|02-16-2012 12:02 PM|
|boothboy||Can't answer that question. I just went Summit Racing's site went to the brake pad section and found a interesting article about different brake pads and there use called "How to choose disc brake pads". Go there yourself and do a little research about what different pads can do for your personal requirements .|
|02-16-2012 11:52 AM|
Material does not really matter. What is important is the friction code On the edge of the pad there will be a friction code printed, usually two letters, as in FF. First letter is cold friction, second is hot friction. The higher the letter, the more agressive the brake pad is.
You should also bed your brakes in for top performance http://www.zeckhausen.com/bedding_in_brakes.htm
This can make a huge difference, particularly with high performance brakes, but should be done with all brakes.
|02-16-2012 10:54 AM|
Thanks folks. Great input.
Let me start off with the cheapest approach....replacing the pads.
Should I be looking for semi-metalic, cermaic or organic pads?
|02-16-2012 10:14 AM|
|boothboy||Both the previous answers are correct. You might try some different pads, Pad composition can affect braking. take a look at some of the speed stores and see if anything is available. It's gotta be cheaper then replacing calipers brackets and rotors. It's a place to start.|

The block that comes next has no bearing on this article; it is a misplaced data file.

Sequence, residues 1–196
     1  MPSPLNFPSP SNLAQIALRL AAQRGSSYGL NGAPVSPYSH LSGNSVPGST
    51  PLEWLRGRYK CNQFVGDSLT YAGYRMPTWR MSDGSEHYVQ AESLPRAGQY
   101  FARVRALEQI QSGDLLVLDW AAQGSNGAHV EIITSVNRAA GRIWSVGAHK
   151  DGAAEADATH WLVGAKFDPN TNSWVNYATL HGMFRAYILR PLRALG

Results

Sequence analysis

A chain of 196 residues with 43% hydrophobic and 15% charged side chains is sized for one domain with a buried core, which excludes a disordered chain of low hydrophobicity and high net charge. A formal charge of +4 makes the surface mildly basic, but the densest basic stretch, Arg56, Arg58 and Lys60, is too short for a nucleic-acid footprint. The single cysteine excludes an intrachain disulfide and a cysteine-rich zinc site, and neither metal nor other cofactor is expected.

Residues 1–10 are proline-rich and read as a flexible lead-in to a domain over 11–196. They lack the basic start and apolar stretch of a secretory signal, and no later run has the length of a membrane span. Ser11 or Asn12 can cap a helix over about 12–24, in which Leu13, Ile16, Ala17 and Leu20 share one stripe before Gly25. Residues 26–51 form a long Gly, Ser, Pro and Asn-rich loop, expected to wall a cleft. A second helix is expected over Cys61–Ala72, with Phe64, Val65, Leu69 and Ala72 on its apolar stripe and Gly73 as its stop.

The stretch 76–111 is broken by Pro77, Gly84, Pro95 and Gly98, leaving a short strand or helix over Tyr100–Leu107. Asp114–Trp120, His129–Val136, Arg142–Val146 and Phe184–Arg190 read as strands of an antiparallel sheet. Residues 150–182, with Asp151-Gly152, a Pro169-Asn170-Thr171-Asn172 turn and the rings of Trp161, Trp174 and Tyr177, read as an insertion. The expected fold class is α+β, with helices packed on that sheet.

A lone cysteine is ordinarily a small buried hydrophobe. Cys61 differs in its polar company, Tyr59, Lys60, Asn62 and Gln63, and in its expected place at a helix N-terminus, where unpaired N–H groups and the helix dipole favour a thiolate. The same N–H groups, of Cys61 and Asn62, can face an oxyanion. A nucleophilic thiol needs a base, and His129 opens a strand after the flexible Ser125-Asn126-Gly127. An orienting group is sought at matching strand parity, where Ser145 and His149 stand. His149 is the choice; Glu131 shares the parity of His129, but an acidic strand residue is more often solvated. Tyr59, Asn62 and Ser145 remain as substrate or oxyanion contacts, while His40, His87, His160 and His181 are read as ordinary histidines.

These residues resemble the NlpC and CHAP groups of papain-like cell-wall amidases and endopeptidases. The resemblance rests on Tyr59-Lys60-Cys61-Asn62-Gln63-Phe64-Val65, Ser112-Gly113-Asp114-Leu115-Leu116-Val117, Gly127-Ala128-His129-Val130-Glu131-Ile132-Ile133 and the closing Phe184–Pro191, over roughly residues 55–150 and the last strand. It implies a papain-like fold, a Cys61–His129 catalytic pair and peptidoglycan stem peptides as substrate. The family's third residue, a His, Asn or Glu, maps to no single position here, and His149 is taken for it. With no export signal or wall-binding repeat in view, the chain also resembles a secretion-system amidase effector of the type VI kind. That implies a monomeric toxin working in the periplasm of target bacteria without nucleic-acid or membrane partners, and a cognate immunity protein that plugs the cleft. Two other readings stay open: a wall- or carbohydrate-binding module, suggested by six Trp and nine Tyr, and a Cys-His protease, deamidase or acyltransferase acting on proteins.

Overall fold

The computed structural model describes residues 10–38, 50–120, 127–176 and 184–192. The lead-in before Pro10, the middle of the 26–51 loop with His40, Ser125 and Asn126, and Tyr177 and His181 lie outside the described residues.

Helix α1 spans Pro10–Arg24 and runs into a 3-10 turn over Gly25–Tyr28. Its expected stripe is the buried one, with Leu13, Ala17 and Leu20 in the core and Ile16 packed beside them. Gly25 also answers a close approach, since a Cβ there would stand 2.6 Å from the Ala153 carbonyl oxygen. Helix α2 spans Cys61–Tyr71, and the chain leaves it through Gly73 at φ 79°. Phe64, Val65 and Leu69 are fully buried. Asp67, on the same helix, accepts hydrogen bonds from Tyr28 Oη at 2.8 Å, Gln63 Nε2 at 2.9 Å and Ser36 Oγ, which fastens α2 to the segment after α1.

|02-16-2012 09:21 AM|
|02-16-2012 07:08 AM|
bingo! you down graded the stopping efficiency with single piston calipers. To increase the stopping power of disc brakes two things are needed, more pistons and bigger rotors, pay close attention to the race car builders, notice the hardware in play.
|02-16-2012 06:58 AM|
Disc Brake Question.
I have a '68 Camaro which came with the original 4-piston brake caliper. After several rebuilds (and lots of $$$) i gave up on them and installed a single piston conversion system. I believe that the new brakes are referred to as D52 style brakes.
The brakes work fine, but they do not seem to have the same stopping power as I am used. Admittedly, I don't know what this particular car brake system should feel like as I never had a proper working front brake system....but compared to other cars I have driven (new and old), it doesn't seem to have that snap stopping capability. (Am I making a mistake comparing this to a modern disc brake system?)
BTW, master cylinder, flex hoses, lines, booster and complete rears (drum) brakes have all been replaced/rebuilt. The system has been purged properly.
Is this a result of the replacement cast iron single piston caliper? Will I get better results with something like a Wilwood dual calipers?
Input and opinions welcome.